Bernard Lewis

Went to hear Middle East expert Bernard Lewis last night at Penn. The 92 year old Lewis has a great facility for speaking and writing in clear, jargon-free language. When asked whether Islam is a “religion of peace” or violence, he allowed that Islam isn’t, as its apologists like to claim, like “Quakerism without the aggression.” Nor is it, he said, personified by the “wild-man galloping out of the desert with a scimitar in one hand and a Koran in the other.” He also gave Muslims their due for allowing, centuries ago, Jews a relative freedom that they didn’t experience in Europe at the time. He also noted that suicide bombing and terrorism are a perversion of Islamic teaching, which clearly specifies what is and isn’t permitted in war. He blamed the current “deformation” of Islam on wahhabism originating from what is now Saudi Arabia.

He offered no definitive answer on whether Islam is inherently peaceful or violent, other than to note that, unlike Christianity whose founder was crucified and whose followers were persecuted for centuries before gaining political power through conversion rather than war, Mohammed was a conqueror and a ruler, thus establishing an unequivocal link between religion and the state.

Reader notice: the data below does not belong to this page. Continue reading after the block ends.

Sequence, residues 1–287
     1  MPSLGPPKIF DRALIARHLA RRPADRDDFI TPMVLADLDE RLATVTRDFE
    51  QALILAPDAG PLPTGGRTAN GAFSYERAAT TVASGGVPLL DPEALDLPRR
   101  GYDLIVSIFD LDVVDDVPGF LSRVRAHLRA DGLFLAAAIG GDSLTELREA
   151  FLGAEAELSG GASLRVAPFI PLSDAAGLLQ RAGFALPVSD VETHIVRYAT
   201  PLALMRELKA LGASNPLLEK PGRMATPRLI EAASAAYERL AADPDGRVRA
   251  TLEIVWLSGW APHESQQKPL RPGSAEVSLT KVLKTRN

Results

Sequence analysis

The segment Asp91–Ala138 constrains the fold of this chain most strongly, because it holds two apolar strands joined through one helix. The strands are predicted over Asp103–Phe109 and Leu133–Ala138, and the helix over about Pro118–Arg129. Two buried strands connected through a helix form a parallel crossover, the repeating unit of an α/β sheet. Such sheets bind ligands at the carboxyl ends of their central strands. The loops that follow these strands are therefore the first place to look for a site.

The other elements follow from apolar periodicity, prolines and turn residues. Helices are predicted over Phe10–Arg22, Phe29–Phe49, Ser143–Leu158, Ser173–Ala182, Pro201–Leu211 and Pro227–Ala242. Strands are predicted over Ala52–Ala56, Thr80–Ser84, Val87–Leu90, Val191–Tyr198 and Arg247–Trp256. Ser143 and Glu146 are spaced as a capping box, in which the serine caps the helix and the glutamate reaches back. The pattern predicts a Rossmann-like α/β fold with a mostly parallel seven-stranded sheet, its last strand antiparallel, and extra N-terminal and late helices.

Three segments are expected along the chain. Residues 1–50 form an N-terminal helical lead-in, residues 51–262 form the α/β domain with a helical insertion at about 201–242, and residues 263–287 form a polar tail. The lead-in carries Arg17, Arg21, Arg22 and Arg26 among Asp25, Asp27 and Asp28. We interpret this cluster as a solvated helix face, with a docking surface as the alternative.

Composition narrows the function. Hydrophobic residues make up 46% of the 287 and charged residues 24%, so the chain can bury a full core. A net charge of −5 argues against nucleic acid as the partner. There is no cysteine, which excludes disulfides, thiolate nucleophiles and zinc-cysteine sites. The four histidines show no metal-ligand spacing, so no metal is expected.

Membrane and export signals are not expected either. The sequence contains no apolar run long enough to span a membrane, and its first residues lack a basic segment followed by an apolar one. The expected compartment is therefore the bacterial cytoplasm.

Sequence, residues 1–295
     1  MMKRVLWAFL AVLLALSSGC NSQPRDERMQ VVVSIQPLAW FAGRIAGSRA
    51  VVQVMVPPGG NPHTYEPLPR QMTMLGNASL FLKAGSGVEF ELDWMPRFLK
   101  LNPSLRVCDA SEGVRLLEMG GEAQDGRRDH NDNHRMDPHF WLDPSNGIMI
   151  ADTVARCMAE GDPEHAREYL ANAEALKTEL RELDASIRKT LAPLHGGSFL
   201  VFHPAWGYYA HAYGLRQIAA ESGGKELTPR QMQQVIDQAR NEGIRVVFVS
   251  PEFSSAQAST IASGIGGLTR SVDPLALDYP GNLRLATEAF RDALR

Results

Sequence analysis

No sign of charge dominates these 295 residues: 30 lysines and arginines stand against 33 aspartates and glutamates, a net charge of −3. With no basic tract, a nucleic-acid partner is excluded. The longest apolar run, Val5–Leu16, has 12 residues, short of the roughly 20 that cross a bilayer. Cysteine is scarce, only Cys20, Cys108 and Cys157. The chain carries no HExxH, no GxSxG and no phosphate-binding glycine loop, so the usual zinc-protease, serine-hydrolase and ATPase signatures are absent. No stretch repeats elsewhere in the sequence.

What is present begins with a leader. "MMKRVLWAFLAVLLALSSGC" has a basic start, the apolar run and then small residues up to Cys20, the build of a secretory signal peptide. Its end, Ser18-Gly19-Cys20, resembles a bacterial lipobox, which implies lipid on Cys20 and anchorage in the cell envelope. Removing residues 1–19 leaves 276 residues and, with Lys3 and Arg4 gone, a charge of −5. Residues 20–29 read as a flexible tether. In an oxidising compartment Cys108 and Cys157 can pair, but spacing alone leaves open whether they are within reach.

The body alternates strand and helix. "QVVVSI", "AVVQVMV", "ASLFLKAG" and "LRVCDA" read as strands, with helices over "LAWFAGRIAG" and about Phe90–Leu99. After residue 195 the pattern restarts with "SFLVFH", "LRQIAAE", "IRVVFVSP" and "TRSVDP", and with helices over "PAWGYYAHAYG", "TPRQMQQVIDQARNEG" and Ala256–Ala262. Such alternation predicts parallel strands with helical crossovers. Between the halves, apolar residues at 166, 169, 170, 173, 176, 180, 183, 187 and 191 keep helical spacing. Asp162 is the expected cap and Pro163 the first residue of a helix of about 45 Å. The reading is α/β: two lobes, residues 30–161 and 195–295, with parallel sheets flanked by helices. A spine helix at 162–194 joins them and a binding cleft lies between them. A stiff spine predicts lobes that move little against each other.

He did offer an answer to the rhetorical question liberals are so fond of asking – Why do they hate us? He noted that if you take out the oil, the entire gross national product of all of the Muslim countries combined equals that of Finland. He also said that despite “graduating” many engineers from their schools, they must import engineers from the West and countries like South Korea (which only recently emerged from the Middle Ages) to plan construction projects. Nowadays with modern communications, Lewis observed, Middle Eastern Muslims are painfully aware of their backwardness, which enrages them and leads them to fanatacism and violence.

He described himself as somewhat of an optimist on the Middle East. He noted that the Arab countries were pretty much silent about the 2006 war between Israel and Hezbollah and were privately hoping that the Israelis would finish off the Iranian proxy in Lebanon. He believes that the Arab nations recognize that the threat from Iran is much more virulent than anything they could, in their worst nightmares, imagine coming from Israel.

My favorite part was a story he told about his recent visit with an Egyptian friend in Cairo. They were talking about the last Egyptian election, and his friend expressed satisfaction that the elections were “free.” Well, not really free, the Egyptian said, but the freest election “since the British occupation.”

The other speaker at Penn was the radio talk-show host Dennis Prager, whom I found to be pompous and long-winded.

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